On the train ride home I would carefully inspect my comic booty, still buzzing with excitement like I had hit the Lotto.

By the time I reached high school, my interests had moved from comic books to Dark Shadows, a supernatural soap opera that had originally aired on ABC in the 1960s. I first watched the show in reruns in 1982 and was immediately hooked on the larger-than-life quirkiness of vampire Barnabas Collins and his extended family of witches, werewolves and Frankenstinian monsters.

I began my own fan magazine, held club meetings with local fans in my Mom's crafts studio (also known as the family garage) and soon after became involved with the International Dark Shadows Society, an Indianapolis-based organization planning a convention in New York City. Working on that event I became acquainted with actor Jonathan Frid, the star of the series, and began working for him in various capacities.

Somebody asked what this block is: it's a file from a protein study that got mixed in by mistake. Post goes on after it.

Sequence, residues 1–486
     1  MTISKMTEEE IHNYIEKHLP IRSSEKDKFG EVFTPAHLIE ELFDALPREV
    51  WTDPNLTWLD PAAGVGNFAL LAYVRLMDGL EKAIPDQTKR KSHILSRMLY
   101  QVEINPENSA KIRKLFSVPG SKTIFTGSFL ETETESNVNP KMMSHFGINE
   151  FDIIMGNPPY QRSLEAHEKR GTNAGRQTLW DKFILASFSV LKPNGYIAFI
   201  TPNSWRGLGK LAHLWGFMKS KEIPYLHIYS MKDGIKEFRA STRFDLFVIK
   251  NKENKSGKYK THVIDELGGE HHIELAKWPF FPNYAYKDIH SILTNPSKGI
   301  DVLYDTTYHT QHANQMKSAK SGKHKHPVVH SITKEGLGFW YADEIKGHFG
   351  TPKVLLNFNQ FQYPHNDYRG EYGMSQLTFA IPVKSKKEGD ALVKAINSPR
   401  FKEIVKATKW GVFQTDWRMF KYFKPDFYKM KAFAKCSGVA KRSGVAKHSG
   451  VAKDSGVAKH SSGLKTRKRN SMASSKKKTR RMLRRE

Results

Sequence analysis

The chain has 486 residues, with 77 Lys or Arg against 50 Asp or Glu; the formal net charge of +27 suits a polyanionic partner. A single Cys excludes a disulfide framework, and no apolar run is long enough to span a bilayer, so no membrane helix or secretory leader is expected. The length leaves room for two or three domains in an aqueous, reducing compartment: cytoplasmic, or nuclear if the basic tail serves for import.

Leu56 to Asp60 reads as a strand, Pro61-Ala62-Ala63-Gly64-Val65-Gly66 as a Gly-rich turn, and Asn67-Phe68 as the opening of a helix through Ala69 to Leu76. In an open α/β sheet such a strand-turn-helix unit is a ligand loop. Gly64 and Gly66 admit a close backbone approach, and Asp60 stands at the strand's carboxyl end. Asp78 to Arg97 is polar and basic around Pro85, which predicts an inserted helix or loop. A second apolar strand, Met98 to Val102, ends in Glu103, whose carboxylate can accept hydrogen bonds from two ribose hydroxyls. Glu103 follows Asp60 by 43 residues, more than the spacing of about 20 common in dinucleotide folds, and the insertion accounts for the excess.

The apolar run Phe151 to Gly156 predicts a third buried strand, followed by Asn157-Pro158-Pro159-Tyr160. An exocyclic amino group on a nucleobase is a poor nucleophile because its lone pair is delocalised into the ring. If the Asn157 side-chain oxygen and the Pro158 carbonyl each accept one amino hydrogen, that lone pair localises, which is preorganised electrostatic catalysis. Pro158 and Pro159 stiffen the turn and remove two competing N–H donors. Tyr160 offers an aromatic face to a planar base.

That work gave me my earliest professional writing credits and took me to conventions all across the country. In many cases, I was involved in the planning and staging of these events, laying the groundwork for the career in corporate event production that I would later pursue.

I made my last appearance at a Dark Shadows convention in the early '90s, primarily to sell off the lingering remnants of my once-vast memorabilia collection. I closed that chapter, and got on with my adult life.

For the decade and a half that followed, I was convention free.

Two years ago, the daughter of one of my old Dark Shadows buddies found me on the Internet and invited me to a convention in Brooklyn. That event (which I attended with Maggie, doing her best to stifle her smirks) ignited the nostalgia bug in me, and I've been frequenting memorabilia shows ever since.